CJ750 toolbox  
The Trials and Tribulations of riding a CJ750 in China Part 1 by Dave Vella

Fixing the Brakes inside an M5 wheel hub.

One of the advertised upgrades touted by the shop I bought my bike from was a set of fancy new aluminum wheel hubs. This had little to do with the reason for my decision to purchase the bike from this particular shop; I did not make a study of the different braking systems available; I knew the bike came stock with drum brakes, I have drum brakes on my old Triumph and they work just fine. I don’t mind having drum brakes on my new sidecar; end of story.

When the bike arrived I noticed what I considered a significant lack of braking power. I had read where Chang’s had a little difficulty in the stopping arena, so I just chalked it up to having a big heavy sidecar bike with drum brakes. I would just have to compensate and adjust my driving habits to accommodate oozing to a stop. I live out in the countryside so I don’t have to deal with as many panic stops as my city friends do, and if a rabbit runs out in front of me; well; he’s just gonna’ be toast.

It wasn’t long after that I had my first flat tire. I wasn’t out on the road; I discovered it one Sunday morning when I uncovered the bike to go for a ride. When I removed the rear wheel I was quite surprised at the condition in which I found the braking assembly.



The actuator cam was missing parts, the camshaft hole in the gear housing was worn out, the brake block set shaft was a mangled mess, and the brake shoes weren’t even running on the hub’s steel insert. To give the guys credit, there were some cut up pieces of an aluminum beer can wrapped around the set shaft and brake cam to soften things up, but Holy Cow!! No Wonder I Had Trouble Stopping!!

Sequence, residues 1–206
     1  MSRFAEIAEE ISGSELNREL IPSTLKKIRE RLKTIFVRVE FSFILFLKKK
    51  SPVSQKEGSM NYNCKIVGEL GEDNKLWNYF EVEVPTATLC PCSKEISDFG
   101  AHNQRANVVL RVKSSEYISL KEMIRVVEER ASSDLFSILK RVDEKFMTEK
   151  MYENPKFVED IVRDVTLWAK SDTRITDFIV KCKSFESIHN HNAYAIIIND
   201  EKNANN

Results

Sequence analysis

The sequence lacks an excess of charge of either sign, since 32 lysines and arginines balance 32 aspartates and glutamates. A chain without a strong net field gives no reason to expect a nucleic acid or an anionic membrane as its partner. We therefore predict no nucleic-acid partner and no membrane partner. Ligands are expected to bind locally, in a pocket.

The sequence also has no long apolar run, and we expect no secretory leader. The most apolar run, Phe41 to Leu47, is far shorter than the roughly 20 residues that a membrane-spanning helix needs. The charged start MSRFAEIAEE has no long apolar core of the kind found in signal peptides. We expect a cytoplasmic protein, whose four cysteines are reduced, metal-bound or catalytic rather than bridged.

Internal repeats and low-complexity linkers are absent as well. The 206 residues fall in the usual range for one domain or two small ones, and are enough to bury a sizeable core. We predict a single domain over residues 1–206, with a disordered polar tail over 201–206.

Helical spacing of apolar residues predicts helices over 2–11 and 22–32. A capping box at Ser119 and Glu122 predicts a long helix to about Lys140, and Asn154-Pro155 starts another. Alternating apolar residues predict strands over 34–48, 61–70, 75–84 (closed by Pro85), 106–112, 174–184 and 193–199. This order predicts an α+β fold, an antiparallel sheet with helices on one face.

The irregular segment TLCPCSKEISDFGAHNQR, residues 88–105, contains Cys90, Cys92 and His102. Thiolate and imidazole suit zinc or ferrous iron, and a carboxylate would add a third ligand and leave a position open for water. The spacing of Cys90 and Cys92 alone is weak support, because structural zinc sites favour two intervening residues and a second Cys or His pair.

I immediately complained by e-mail to the guys at the shop; I have to do this of course because they are in Beijing and I live a four hour train ride south of Shanghai, there is one English Speaking guy there and even though I’m taking lessons, my Mandarin is still No Good!!

I did receive a prompt reply with all the appropriate apologies; I was promised these new shoes, this, that, and other things, but after several sets of correspondence with no results, I got fed up and decided to fix it myself.
The main problem would be to get the brake shoes spaced out far enough from the gear case to actually run completely on the steel liner cast into the hub. On a trip to Shanghai I ran into a couple of guys with these same hubs on their bikes. I found out that the way they moved the shoes out was to use the spacers normally found between the engine and frame.

I bought a set of spacers from one of the shops in Shanghai, as well as replacements for the other broken parts I found, but when I put it all together, I still wasn’t happy with the results. I knew there had to be a better way and it shouldn’t be that hard to figure out. I’m an Engineer and a Good Mechanic, one of the other Engineers in my office was a Master Machinist in a past life and now has a little hobby machine shop set up in his apartment. This is a simple project, we have the technology, so let’s get going!!

First we had to fix the damaged gear case. This entailed going through it piece by piece to look for other problems (and yes we did find some), making the Camshaft Hole round again and removing the mangled Brake Block Set Shaft. We were careful not to remove too much aluminum from the housing around the camshaft hole; just enough to make it round again. We were going to machine a new cam anyway so we could make the shaft whatever diameter we wanted. The set shaft was drilled out and the hole was tapped to fit a 16mm bolt as this proved to be a perfect fit for the stationary end of the shoes.